What knot for Waddington loop?

Discussion in 'Fly Tying' started by BDD, Aug 23, 2009.

  1. BDD Active Member

    Posts: 2,227
    Ellensburg, WA
    Ratings: +216 / 2
    Hey folks,

    I'm making my first attempt at tying on Waddington shanks and was wondering if anyone has a recommendation on what knot to use to create the loop in the Fireline to complete the loop?

  2. Big E Moderator

    Posts: 1,431
    Coon Bay
    Ratings: +364 / 0
    Get yourself a piece of Fireline.
    Bend in half.
    Feed loop through trailing hook.
    Bring hook through loop.
    Pull loop tight to hook.

    So to secure it to the wad I just tie it down, smear with super glue and then bend the tag back and secure again. Repeat with other side.
  3. BDD Active Member

    Posts: 2,227
    Ellensburg, WA
    Ratings: +216 / 2

    I was way off in my thinking but unfortunately, not the first time. I thought you create the loop on the Fireline with a knot and then used a loop to loop to connect the Wad and the trailing hook. I thought the whole idea of using a Wad shank was to eliminate having to tie in and super glue the Fireline to the Wad shank?

    By doing it the way you explained (super glue and tie it off), couldn't you just use a hook and cut off the point? It doesn't seem as strong doing it that way and appears to eliminate the advantage of using a Waddington shank?

    Anyway, thanks for your response. I guess I didn't know as much as I thought I did. :rofl:
  4. Ed Call Mumbling Moderator

    Posts: 17,399
    Kitsap Peninsula
    Ratings: +1,357 / 9
    Big_E's method of tying in a loop so you can change your hooks works great for any stinger tied on a clipped hook shank, cotter pin shank or waddington (I guess). I've seen guys use a portion of junction tubing on the tail eye of the waddingtons. They run their tipped through the head eye alongside the outside of the fly through the rear eye, tie off to a hook using knot of preference, then join the rear waddington eye and hook eye by the junction tubing. I've been told it fishes well and when hit the hook and fly separate and the hook is free from the fly and the fly can last longer. I've tied a few tubes, clipped hook shanks and cotter pins. So far I've been too cheap to invest in any waddingtons.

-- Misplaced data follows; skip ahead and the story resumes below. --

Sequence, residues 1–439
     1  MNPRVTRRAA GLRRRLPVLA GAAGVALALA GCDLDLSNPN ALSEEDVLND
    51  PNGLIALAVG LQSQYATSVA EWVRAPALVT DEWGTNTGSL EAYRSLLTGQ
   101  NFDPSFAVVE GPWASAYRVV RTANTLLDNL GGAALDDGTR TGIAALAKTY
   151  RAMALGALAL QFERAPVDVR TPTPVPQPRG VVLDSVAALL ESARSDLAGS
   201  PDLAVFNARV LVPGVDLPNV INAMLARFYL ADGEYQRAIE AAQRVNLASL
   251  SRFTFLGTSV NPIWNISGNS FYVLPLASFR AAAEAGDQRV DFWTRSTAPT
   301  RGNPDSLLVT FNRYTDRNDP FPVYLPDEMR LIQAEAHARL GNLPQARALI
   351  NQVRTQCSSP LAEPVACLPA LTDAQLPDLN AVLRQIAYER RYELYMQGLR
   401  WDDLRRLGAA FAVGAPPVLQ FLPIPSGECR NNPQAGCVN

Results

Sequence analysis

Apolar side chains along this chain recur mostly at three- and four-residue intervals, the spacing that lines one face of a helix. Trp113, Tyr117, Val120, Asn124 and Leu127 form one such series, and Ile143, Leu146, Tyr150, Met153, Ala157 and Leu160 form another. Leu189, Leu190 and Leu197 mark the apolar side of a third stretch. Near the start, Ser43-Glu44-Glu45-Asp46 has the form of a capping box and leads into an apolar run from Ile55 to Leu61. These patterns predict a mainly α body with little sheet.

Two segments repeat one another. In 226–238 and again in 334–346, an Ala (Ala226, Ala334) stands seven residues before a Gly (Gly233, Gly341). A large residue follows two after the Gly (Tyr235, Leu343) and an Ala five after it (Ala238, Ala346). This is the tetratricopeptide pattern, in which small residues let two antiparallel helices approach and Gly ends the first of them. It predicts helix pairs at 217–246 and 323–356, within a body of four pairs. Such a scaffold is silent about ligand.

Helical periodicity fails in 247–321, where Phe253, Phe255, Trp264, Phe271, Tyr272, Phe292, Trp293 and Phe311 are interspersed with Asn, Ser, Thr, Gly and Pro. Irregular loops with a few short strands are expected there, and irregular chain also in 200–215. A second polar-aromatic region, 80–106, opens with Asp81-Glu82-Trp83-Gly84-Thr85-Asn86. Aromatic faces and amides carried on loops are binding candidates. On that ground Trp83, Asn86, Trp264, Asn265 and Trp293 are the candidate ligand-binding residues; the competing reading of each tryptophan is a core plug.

When I tie in my stinger loops I don't add the super glue (or any other glue). I just wrap the stinger loop material to the shank, wrap it back through the eye to the opposite side of the shank and wrap it again. I've failed to separate one at the bench using tools and pulling hella hard. No fish is pulling those loops out.

    I have also seen guys that tie a single overhand knot on each end of the stinger loop. They wrap it back to front leaving the knots too large to pull through. I prefer folding it over though.
  5. Ron Crawford ===

    Posts: 210
    Seattle, WA
    Ratings: +0 / 0
    I do the same thing as Big E but use a longer piece of fireline so that the front tag ends can run up and through the eye end of the waddington and then fold back toward the hook. Once the tips are folded back I give it a lot of thread wraps and call it good. No super glue. I figure that bend back through the eye will hold it really secure.
  6. Eric Tarcha gear whore

    Posts: 1,067
    Seattle, WA
    Ratings: +12 / 0
    Interesting concept, I like it. I suppose if you make a loop with a double surgeon's and then feed it through the waddington loop at the end, it would allow you to add the trailer the same way. never thought of that...:thumb:

  7. hap Member

    Posts: 309
    Anchorage, Alaska
    Ratings: +0 / 0
    I have always used a loop to connect the two and often go with multiple Waddingtons or a tube between hook and Wadd.... Big rainbows late in the year like a huge mouthful of fur...

    Pike used to be a target with them, but the shanks are too pricey and pike too non-selective...
  8. hap Member

    Posts: 309
    Anchorage, Alaska
    Ratings: +0 / 0
    Oh, and I usually have several different length shanks tied up and it seems the rainbows like them reasonable sometimes, but not always...